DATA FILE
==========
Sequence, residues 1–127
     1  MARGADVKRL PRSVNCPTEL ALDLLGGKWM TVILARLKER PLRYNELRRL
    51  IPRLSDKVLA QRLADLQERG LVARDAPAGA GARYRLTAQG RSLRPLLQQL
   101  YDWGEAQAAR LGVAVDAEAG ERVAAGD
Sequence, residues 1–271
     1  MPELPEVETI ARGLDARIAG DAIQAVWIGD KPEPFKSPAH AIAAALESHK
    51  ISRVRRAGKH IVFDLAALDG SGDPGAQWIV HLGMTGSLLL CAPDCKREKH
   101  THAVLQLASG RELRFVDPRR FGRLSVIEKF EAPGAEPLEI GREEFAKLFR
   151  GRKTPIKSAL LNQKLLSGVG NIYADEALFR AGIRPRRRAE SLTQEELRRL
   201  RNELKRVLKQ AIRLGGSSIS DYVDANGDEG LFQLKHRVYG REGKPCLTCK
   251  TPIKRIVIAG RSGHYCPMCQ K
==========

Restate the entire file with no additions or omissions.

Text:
Sequence, residues 1–127
     1  MARGADVKRL PRSVNCPTEL ALDLLGGKWM TVILARLKER PLRYNELRRL
    51  IPRLSDKVLA QRLADLQERG LVARDAPAGA GARYRLTAQG RSLRPLLQQL
   101  YDWGEAQAAR LGVAVDAEAG ERVAAGD
Sequence, residues 1–271
     1  MPELPEVETI ARGLDARIAG DAIQAVWIGD KPEPFKSPAH AIAAALESHK
    51  ISRVRRAGKH IVFDLAALDG SGDPGAQWIV HLGMTGSLLL CAPDCKREKH
   101  THAVLQLASG RELRFVDPRR FGRLSVIEKF EAPGAEPLEI GREEFAKLFR
   151  GRKTPIKSAL LNQKLLSGVG NIYADEALFR AGIRPRRRAE SLTQEELRRL
   201  RNELKRVLKQ AIRLGGSSIS DYVDANGDEG LFQLKHRVYG REGKPCLTCK
   251  TPIKRIVIAG RSGHYCPMCQ K